Superstition and Ski Montages: the Key to Conjuring Pow

Words and photos by guide and winter hutkeeper Lara Antonello

As ski resorts open across the country, many backcountry enthusiasts have been dreaming up tours with a carefully assembled pile of gear waiting to be loaded into an adventure mobile—perfectly tuned skis, delicately folded Gore-Tex layers, a pack full of avalanche rescue essentials, revamped first aid kits, fully charged radios, LOTS of snacks, and a cold one for the summit. We have gone through the beacon-probe-shovel, helmet-goggles-gloves, boots-skis-poles, phone-keys-wallet checklists one hundred times and are just waiting for enough snow to fly. In the days leading up to the beloved season-opening storms, people often resort to their favorite superstition filled rituals. Don’t check the weather every day (you might make the storm nervous). Do check the weather every day (that way the storm knows you love it). Do a snow dance. Have a ceremonial burning of skis (or don’t because that’s probably not super great for the ozone). Attend every ski film premiere in your area.

Lucky for us, many ski films have been shown throughout the last few months as a way to bring the community together and get people excited to ride snow again. I attended the latest Warren Miller film in November and left the theater with enough excitement and adrenaline that you’d think that I just sent the biggest line of my life. The energy in the room was fully contagious. The crowd cheered and hooted every time the music amped up and a skier dropped into their line. Everyone was buckling over laughing at throwback resort skier footage that I can only accurately describe as the inspiration for today’s Jerry of the Day. The speakers boomed with the perfect electronic beat as out-of-this-world powder slashing overwhelmed your eyes. Snow riders in bright-colored jackets popped off cliffs and achieved flight. Girls with long braids and sassy personalities told us why they loved the mountains and guys with goggle tans and flat-brimmed hats laughed after they said something “profound”. We watched slack-jawed and smiling at each carefully sculpted montage highlighting snowriders and adventures of all types. What a feeling…


Keys in the ignition. Heat to full blast on the windshield. Crack open the roof box and set skis inside—neatly packaged with skins applied when hands can be warm, secured with a ski strap as though it were a Christmas present waiting patiently for twinkling eyes to see it under a perfectly trimmed tree. A gloved hand pulls an old dunkin’ doughnuts gift card out of the glovebox to scrape away the icy glass. Frosty ice peels back in sheets and accumulates on the hood. Each shaved strip reveals more and more of your dog in the back seat standing attentively with a slow beat wagging in his tail. This whole situation means one thing and one thing only to him. You are going skiing. You flip through CDs stacked on the dashboard and slip one into the player. The speaker’s thud and the riffs of the Talking Heads’s “This Must Be the Place” mix with the sound of snow crunching beneath the tread of your tires. You are on your way to the mountain.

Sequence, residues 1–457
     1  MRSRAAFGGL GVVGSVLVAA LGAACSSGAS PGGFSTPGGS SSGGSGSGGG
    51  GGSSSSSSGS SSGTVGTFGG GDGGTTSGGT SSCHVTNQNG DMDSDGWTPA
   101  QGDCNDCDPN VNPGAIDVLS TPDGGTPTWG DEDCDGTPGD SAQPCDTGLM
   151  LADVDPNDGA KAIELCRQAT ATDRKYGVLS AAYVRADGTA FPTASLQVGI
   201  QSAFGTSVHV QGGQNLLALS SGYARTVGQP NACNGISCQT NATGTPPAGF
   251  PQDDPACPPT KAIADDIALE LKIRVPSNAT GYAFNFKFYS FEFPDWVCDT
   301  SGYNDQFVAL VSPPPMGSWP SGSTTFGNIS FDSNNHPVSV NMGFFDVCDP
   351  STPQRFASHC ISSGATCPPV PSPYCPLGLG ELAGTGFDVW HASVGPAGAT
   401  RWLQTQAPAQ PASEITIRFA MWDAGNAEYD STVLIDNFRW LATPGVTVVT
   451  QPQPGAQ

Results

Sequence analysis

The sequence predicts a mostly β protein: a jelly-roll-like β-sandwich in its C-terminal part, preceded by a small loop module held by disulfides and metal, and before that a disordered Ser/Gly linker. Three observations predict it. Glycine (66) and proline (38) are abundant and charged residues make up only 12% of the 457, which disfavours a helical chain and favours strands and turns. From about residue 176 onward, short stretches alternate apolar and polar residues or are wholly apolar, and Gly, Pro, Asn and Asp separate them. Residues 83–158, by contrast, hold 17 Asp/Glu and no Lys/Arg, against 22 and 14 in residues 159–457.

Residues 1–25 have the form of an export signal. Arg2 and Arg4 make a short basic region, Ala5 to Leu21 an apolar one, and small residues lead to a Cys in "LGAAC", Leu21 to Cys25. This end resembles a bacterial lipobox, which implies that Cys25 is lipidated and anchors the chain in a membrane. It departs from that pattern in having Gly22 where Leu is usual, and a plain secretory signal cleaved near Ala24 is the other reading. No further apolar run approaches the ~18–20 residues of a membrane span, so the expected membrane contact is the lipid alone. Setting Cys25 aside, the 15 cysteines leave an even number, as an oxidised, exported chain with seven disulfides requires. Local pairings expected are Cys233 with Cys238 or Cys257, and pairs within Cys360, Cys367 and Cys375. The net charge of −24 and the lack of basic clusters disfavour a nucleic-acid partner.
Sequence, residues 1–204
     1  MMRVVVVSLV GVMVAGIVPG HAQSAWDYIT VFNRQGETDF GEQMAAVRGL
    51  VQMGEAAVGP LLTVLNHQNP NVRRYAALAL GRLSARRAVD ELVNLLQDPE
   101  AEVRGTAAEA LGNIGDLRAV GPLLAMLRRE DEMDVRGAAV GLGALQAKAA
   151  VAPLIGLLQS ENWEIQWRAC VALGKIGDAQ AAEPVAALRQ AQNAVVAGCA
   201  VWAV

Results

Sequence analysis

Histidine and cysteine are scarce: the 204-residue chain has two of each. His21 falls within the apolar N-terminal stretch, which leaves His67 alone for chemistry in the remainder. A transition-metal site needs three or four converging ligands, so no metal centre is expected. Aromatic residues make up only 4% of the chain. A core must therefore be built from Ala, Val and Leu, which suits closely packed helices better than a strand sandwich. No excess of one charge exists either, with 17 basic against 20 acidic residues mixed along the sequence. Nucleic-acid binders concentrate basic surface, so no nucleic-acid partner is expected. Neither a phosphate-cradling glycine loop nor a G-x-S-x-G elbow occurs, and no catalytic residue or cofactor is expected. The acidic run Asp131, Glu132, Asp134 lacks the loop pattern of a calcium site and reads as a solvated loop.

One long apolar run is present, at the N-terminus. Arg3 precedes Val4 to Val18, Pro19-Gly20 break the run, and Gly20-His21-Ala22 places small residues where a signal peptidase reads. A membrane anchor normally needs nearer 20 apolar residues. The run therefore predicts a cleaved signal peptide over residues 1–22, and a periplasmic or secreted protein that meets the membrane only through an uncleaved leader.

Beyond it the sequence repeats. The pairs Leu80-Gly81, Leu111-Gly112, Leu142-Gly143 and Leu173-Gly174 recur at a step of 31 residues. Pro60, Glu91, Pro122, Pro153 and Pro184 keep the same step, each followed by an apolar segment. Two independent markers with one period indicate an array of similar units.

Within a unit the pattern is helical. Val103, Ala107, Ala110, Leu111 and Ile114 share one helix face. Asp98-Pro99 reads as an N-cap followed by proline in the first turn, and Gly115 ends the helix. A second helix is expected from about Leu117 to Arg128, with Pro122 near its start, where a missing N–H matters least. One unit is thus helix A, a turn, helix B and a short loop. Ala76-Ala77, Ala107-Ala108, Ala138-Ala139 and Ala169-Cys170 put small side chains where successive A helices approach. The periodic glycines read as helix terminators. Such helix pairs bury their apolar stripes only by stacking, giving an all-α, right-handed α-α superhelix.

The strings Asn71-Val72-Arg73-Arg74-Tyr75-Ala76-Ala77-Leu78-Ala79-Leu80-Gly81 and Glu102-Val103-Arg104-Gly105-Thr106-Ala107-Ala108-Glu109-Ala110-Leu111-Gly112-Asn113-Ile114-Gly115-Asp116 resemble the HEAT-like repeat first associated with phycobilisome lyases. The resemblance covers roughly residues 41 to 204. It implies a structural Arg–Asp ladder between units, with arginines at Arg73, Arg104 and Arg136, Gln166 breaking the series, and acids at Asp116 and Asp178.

Boots. Beacon Check. Recap of the plan. Up you go. It’s cold. You turn to your friends and are greeted by a show of rosy cheeks and numbed faces beaming goofy smiles through the paralysis. Take notice of your feet, chilled toes. Take notice of your knees, thank them for every step. Take notice of your quads, gentle burning. Take notice of your lungs, icy burn in your nose and throat with each breath. Take notice of your arms, relax both shoulders and pole grips. Take notice of your head, clear mind. Condensation and snow are gathering on your hair as both eyes squint at the bright snow. Sweat beads on your back—the heat of blood at war with the cold bite of the air. You are walking on snow on a mountain on this planet and that is insanely amazing.

As your group reaches the top of the ridge you get a clear view into two valleys. It’s early evening and the sun is casting alpenglow across the mountains. The dogs engage in a hilarious display of attacking snowballs and becoming balls of snow themselves. You snap some photos to remember how perfect this mini-adventure was and begin the descent. A giggle fit takes over the group as boards zip and swish through flakes and snow crystals blast against your smiling faces. Warren Miller was onto something when he said that “the best place in the world to ski is where you’re skiing that day.” With the last few wiggles through the trees, you find yourselves back at the vehicles watching a pristine winter sunset. The world is quiet.


Maybe you finally found your dream ski partner or maybe you just got new boots and are so excited to initiate them with their first tour on your precious feet. Maybe you’re gathering beta on a big spring objective you’ve been dreaming up or maybe you’re looking into guide companies to help you fine-tune your skills. Even if your to-do list for the day feels overwhelming. Even if you’re tired from a week of work. The moment that frigid mountain air is absorbed into your lungs it all melts away and you’ll smile to yourself remembering that first time you hiked up to slide down.

While you’re gathering your gear, go ahead and throw your Sawtooth maps in the freezer. I hear it helps conjure the storms.